Side note: Although this documentation can be overwhelming, it does get easier to organize year after year. I always tell new CFs: Year one is all about survival. Once you get through the first year, you figure out your organizational “groove” and things get easier. Don’t get me wrong, I still haven’t perfected the art of effective data collection and documentation, but it does get better.

The school-based populations

Pro: Opportunities to work with a variety of students

One of the greatest parts of working in the schools is you will never get bored! You will always meet new students who challenge you and force you to learn new intervention strategies or consider teaching a skill in a different way. Additionally, my district offers multiple programs for students with more significant needs (e.g. AAC, Autism, Emotional Disabilities, Early Intervention), which I can apply to should I need a change or a new challenge.

Con: Mixed groups

One of the biggest challenges my graduate interns face when starting therapy in the schools is managing mixed groups. Since scheduling can be a challenge (working around teachers, specialists, and other schedules), you may be faced with providing therapy for students working on articulation, language, AND fluency all in one group. Not only do you need to produce lessons targeting different skills and abilities, you also have to manage various behaviors.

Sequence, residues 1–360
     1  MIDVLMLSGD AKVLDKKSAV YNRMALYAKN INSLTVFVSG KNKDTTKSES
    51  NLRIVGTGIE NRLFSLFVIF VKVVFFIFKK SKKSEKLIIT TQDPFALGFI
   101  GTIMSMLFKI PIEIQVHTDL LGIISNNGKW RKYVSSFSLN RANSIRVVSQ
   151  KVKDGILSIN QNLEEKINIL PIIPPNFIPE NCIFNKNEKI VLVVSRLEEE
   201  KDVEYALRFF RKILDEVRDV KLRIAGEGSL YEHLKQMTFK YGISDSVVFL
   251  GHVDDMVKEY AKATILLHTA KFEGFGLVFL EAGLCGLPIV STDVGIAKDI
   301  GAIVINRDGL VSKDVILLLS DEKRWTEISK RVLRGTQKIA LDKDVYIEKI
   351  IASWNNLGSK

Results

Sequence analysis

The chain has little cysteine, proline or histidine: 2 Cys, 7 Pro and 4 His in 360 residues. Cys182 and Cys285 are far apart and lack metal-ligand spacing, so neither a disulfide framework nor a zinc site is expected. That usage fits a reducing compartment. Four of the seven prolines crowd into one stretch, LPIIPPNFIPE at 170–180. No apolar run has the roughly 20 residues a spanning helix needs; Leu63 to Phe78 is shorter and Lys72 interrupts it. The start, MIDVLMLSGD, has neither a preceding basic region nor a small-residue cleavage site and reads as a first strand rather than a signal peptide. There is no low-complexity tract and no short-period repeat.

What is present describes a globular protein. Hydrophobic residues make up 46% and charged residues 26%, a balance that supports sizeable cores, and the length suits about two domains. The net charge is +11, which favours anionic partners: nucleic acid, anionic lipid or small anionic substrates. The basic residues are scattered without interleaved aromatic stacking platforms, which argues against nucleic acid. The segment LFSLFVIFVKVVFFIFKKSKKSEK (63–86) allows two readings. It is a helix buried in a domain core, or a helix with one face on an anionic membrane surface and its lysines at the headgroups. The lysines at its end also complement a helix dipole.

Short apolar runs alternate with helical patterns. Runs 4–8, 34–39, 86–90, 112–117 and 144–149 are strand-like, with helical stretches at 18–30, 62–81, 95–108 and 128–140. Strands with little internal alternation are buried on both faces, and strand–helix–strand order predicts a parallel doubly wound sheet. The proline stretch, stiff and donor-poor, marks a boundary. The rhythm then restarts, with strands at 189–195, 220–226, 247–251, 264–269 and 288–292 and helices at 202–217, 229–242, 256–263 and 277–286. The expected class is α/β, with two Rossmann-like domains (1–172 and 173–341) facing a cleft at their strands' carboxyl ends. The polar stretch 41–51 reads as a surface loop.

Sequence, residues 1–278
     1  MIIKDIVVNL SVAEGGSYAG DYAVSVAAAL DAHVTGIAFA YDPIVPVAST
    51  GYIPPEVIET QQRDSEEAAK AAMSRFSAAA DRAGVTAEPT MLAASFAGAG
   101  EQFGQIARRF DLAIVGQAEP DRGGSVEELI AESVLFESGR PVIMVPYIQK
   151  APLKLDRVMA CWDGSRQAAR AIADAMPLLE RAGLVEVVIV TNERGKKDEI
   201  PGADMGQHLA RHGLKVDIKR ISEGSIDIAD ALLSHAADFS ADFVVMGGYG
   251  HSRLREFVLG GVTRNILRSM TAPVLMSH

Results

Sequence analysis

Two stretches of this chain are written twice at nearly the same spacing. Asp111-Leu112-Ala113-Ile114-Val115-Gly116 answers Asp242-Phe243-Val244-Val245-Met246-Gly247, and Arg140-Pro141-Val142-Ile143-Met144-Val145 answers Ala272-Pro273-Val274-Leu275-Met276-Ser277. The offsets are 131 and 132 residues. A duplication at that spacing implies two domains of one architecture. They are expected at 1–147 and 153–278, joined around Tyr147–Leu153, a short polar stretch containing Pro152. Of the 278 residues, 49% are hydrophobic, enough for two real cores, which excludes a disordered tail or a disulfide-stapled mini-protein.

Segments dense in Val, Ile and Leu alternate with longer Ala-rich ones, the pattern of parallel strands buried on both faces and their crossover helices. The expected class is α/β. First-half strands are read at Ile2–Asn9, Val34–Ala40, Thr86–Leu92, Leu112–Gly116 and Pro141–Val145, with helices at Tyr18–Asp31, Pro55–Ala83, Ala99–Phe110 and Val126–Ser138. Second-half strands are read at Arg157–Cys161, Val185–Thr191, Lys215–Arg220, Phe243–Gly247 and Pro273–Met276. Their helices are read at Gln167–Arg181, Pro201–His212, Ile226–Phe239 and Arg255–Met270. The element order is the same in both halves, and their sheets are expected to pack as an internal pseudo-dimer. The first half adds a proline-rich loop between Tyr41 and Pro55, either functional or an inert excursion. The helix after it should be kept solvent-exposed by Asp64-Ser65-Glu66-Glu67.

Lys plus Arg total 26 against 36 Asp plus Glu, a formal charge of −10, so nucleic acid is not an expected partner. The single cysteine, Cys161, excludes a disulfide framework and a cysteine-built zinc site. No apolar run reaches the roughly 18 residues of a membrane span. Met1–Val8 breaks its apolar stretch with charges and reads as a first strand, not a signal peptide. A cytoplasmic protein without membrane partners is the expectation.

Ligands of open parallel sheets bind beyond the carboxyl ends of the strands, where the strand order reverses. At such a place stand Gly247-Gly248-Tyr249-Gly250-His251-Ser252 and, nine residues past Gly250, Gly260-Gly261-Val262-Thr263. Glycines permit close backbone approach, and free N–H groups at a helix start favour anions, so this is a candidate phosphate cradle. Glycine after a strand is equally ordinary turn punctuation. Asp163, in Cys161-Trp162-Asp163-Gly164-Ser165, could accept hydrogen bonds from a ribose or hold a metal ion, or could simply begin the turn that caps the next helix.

Collaboration in school

Pro: Working as a TEAM

Within the school setting, you work with a team of professionals, tackling student needs from a variety of lens. Our team typically consists of an administrator, school psychologist, school counselor, general education teacher, special education teacher, Occupational Therapist, and Speech-Language Pathologist. Having a team of professionals is AMAZING because you can both collaborate with teachers in the classroom and brainstorm ideas with other professionals.

Con: Being the only SLP in the building

One of the loneliest parts of our job can be the fact that you may be the only SLP in the building. You may have other professionals to talk to, but sometimes you need another SLP who just gets it. But don’t worry, you will meet other SLPs within your district — or through online groups — who will support and encourage you!

Can you think of any other pros and cons you have experienced in the schools? Comment below!